Explorers have often sought the fabled, the fabulous or the mythical. In the eastern Sahara, for example, as late as the 1930s, travellers tried to find the missing oasis of Zerzura or traces of the lost army of Cambyses. In the western Sahara, particularly from the last decades of the 18th century, the desire was to find traces of long-lost empires and sources of gold. The prime target was the city of Timbuktu.
Knowledge of the area, was, however, no more than rudimentary. Maps were either blank or the product of armchair geographers. Moreover, adding something substantial to knowledge of the area was fraught with difficulties, for apart from having no clear idea where to look, there were the problems of hostile tribes, implacable and sometimes venal rulers, torrential tropical rains and searing desert droughts, largely unnavigable rivers, and killer diseases. Whether approached from the Gulf of Guinea, from the Gambia or Senegal, from Morocco, Tunis or Tripoli, or from Egypt and the Red Sea, the search for Timbuktu and the route of the great river Niger was fraught with difficulties. It was a massive challenge that intrigued and fascinated that great gouty botanist, scientist and socialite Sir Joseph Banks. In a London tavern in 1788, he and his influential cronies decided to establish the African Association. Anthony Sattin has set out to tell the tale of how the association tried to search for Timbuktu.
It is a gripping story, beautifully told, and more characterised by tragedy than by triumphs. One of the more remarkable parts of the story is that so many of the explorers recruited by the association were not British. John Ledyard was American, Daniel Houghton was Irish, Frederick Hornemann was German and Jean Louis Burckhardt was Swiss. Moreover, five of the first six explorers sent out died: Ledyard, Houghton, Mungo Park, Henry Nicolls and Hornemann. Later, Burckhardt also expired from dysentery in Egypt before he could return home.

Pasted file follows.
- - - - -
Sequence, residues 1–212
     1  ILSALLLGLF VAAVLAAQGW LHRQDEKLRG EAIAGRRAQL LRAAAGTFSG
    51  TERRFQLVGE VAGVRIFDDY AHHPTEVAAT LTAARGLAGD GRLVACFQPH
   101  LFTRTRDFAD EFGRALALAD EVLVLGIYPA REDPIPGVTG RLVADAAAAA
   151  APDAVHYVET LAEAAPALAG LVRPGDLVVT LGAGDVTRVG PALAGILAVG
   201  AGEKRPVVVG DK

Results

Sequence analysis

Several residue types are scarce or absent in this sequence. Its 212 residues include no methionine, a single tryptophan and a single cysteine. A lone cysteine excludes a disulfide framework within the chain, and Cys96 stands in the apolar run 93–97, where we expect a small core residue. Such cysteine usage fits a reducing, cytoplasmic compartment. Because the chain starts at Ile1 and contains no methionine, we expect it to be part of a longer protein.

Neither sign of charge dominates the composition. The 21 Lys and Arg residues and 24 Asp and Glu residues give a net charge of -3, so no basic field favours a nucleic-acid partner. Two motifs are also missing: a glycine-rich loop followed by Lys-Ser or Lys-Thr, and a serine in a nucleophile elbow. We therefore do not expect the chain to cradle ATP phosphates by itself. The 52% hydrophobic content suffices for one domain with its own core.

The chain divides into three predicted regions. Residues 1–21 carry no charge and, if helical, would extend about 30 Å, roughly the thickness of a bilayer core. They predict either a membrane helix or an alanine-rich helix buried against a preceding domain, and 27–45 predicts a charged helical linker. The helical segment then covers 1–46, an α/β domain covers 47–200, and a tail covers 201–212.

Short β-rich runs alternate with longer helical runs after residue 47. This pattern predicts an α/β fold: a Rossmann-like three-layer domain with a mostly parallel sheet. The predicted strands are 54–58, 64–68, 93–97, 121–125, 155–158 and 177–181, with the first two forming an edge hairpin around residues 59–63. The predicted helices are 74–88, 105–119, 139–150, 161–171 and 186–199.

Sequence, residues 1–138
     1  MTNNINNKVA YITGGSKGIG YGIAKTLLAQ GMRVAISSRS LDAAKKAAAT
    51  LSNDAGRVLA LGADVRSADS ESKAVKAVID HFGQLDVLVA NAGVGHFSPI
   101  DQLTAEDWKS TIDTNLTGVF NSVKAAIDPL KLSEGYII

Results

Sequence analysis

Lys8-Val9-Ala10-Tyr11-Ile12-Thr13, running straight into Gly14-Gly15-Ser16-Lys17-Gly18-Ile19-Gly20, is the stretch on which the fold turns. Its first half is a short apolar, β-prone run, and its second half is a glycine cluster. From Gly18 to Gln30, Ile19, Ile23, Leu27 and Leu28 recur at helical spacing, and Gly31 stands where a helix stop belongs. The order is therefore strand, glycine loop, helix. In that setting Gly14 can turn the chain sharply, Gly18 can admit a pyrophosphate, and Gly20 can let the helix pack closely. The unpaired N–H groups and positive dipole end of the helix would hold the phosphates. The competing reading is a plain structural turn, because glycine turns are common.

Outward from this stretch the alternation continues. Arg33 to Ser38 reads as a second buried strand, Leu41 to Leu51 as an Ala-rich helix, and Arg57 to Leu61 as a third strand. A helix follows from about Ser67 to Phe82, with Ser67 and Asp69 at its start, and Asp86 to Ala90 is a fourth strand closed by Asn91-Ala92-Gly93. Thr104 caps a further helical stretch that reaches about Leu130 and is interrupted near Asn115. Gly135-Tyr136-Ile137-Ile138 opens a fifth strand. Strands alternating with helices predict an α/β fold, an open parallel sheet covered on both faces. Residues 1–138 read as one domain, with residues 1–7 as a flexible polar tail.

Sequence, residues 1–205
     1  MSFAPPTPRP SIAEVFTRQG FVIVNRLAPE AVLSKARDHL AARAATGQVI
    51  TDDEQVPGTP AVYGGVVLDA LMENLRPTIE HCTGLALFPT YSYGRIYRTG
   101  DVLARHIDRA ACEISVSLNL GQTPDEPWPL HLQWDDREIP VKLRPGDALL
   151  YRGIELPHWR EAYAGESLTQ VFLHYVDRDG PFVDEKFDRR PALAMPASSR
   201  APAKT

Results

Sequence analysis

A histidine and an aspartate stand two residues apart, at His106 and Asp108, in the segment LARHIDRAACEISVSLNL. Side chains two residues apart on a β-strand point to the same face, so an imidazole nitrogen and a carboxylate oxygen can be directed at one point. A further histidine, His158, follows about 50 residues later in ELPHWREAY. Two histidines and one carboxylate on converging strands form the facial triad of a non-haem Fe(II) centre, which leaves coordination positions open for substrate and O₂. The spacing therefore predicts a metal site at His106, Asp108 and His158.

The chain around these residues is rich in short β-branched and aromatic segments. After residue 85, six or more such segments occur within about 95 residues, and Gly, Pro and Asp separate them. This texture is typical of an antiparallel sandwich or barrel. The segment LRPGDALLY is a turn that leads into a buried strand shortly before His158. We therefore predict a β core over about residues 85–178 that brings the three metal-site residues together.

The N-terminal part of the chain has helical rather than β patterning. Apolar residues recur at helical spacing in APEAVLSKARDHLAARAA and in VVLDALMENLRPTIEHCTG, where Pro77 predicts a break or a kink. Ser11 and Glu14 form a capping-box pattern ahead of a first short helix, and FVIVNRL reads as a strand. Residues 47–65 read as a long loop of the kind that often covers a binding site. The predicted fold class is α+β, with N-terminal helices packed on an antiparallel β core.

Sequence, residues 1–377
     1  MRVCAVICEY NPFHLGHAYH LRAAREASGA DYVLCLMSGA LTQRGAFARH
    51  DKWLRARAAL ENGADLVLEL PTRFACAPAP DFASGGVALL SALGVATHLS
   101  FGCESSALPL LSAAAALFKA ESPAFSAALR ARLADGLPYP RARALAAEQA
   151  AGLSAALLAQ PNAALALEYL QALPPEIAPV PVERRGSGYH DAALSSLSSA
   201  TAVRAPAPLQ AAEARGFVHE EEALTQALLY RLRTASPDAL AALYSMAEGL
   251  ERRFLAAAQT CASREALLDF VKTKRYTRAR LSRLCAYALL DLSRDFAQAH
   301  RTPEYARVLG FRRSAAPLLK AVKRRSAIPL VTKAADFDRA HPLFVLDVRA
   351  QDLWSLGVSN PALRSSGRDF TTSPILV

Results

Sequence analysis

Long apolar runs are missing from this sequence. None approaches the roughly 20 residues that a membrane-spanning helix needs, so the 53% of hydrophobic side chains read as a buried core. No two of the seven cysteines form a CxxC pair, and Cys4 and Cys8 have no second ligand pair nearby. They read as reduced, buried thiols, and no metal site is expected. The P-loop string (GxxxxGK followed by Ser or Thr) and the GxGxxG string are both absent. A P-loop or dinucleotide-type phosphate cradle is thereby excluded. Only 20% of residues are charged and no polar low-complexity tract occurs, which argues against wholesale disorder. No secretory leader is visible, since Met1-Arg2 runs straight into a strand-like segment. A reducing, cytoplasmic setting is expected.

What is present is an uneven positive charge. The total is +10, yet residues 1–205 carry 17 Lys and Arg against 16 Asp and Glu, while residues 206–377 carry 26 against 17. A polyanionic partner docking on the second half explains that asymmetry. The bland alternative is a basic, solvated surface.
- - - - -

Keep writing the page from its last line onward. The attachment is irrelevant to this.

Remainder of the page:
There were, however, triumphs, and Park and Burckhardt are among the greatest of all explorers from the era. But the African Association was important in other ways. It demonstrated that exploration was not the preserve of governments, it provided its explorers with equipment to carry out scientific and topographic research, and it demonstrated the need for explorers to learn foreign languages and to try to understand other cultures. These lessons were adopted by the Royal Geographical Society at whose founding in 1830 the association voted itself out of existence. The great African explorations of the second half of the 19th century were made possible, Sattin argues, because the African Association showed what could be achieved and how it could be done.
The Gates of Africa tells a story that has never been adequately told before and does so with style and scholarship. A remarkable story told remarkably well.
Andrew Goudie is master of St Cross College, Oxford.
The Gates of Africa: Death, Discovery and the Search for Timbuktu
Author - Anthony Sattin
Publisher - HarperCollins
Pages - 382
ISBN - 0 0 712233 0